LODES Diagnosis Examples


Cooperative Troubleshooting

Suppose that the system administrator using this expert system receives the following complaint.

I logged onto host P, then tried to log onto host Q from P using TELNET, but the connection could not be established. Host Q is attached to a remote network (so its path from P to Q has a number of IP routers).

In this case, the possible causes are: P or Q has a problem, an IP router is not functioning, one of the networks to Q is busy, and so on. The following trace is the actual one of the main diagnostic processes using the local and remote LODESs.

(-,-) is the pair of local status number and remote status numbers, which represent the certainties of expressing "I can diagnose this." Actions flush with the left margin are local LODES actions; indented ones are actions of remote LODESs in the network to which B is attached.

1. Send an ICMP echo request packet to P and Q.              (0,-)
2. An ICMP echo reply from P is found.                       (0,-)
3. An ICMP echo reply from Q cannot be found.                (-1,-)
4. Connection to a remote LODES is established.              (-1,0)
5. Send user's report and current results to a remote LODES. (-1,0)

6. LODES receives the host information about Q. (-1,0) 7. Send an ICMP echo request packet to Q. (-1,0) 8. An ICMP echo reply from Q is found. (-1,0) 9. Ready to collect ICMP packets (by NOBS). (-1,0) 10. Send an R-job request to the local LODES. (-1,0)

11. Receive an R-job request. (-1,0) 12. Send an ICMP echo request packet to B. (-1,0)

13. An ICMP echo request packet is found. (-1,0) 14. An ICMP echo reply packet cannot be found. (-1,2) 15. LODES suspects that the routing table in B is damaged. (-1,2) 16. SEND 14 and 15 to the local LODES. (-1,2)

17. Set status number = -2. (-2,2)

18. Check the routing table in B if possible. (-2,2) 19. Find the cause and send it to the local LODES. (-2,2)

20. Output the result to the system administrator. (-2,2)

The cause of the problem is an incorrect routing table in host Q. At 3, LODES suspects that its own network and host P do not have a problem, and at 4, IP routers along the way have no routing problems. Items 4 and 5 are communicated by IIC. At 6, LODES checks whether Q always sees an ICMP echo request packet when looking at the Host Information Database, and the answer is yes. The job request in 10 is a request that the local LODES sends an ICMP echo request packet to Q. At 14, LODES is aware that host Q has a problem; two probable causes are the routing definition in host Q is wrong, or the wrong network interface hardware name is assigned in Q.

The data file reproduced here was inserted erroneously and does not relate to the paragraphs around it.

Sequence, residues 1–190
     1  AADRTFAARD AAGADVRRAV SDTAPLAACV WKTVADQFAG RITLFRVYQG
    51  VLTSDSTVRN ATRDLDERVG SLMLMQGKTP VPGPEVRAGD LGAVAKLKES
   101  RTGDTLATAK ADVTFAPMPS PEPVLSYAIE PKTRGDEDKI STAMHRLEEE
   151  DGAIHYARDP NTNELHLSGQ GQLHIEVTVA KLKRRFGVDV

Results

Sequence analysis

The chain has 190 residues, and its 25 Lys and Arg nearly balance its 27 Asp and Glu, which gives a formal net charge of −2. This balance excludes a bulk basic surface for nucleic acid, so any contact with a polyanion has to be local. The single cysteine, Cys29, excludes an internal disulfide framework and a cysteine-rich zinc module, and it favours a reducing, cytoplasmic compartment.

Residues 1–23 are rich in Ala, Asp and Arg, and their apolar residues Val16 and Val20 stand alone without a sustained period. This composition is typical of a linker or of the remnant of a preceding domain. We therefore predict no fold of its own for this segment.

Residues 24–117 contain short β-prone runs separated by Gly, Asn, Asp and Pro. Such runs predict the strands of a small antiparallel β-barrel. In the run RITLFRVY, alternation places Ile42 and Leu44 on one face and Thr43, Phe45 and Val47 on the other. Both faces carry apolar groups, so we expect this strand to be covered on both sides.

During remote LODES operation, the local LODES also operates while LSN (local status number) = -1. Certainly, at 3, there is no ICMP echo reply, but Q may be a host such as a personal computer, which does not look at ICMP packets. While 6 - 10 are being performed, for example, the local LODES looks into host P. Two possible causes are: P has an incorrect routing table, or if P is a SUN machine, it may be in single-user mode or "inetd" may not be working.

Note that, in this case, the routing table in Q can be corrected by sending an ICMP redirect packet from LODES, but this sometimes causes another problem: host Q may be intentionally hidden from another network. Thus LODES sends a redirect packet only to hosts which are allowed to receive it.

Autonomous diagnosis

The following packet data are collected by NOBS and show that there are two ARP replies. These data are sent to LND and are analyzed automatically.

TCP nuesun.telnet > tip-1.62487 ...PA. L:1 S:56447674 A:1304470673 W:4096
TCP tip-1.63505 > ntt-20.telnet ....A. L:0 S:1307336283 A:-1036775238 W:1519
TCP golis.telnet > ntt-20.33729 ...PA. L:1 S:1211245137 A:-1023803300 W:2048
ARP 8:0:2b:6:e4:52 ff:ff:ff:ff:ff:ff nttgoso looks for the ether address of lucifer
TCP ntt-20.telnet > tip-1.63505 ...PA. L:1 S:-1036775238 A:1307336283 W:1330
ARP 8:0:20:0:7:76 8:0:2b:6:e4:52 lucifer replies to nttgoso its ether address is 8:0:20:0:7:76
ARP 8:0:46:0:1d:dc 8:0:2b:6:e4:52 lucifer replies to nttgoso its ether address is 8:0:46:0:1d:dc

IP addresses and MAC numbers are checked in LND to determine whether they are proxy ARP replies and which MAC number is correct based on the MAC number database in LODES. If they are proxy ARP replies, LND recommends to the network manager that only one of the IP routers should reply to proxy ARP. If an incorrect MAC number is seen, LND checks the internal table to determine whether its host has been changed.

Back to the LODES top page


Updated on July 23th, 1998.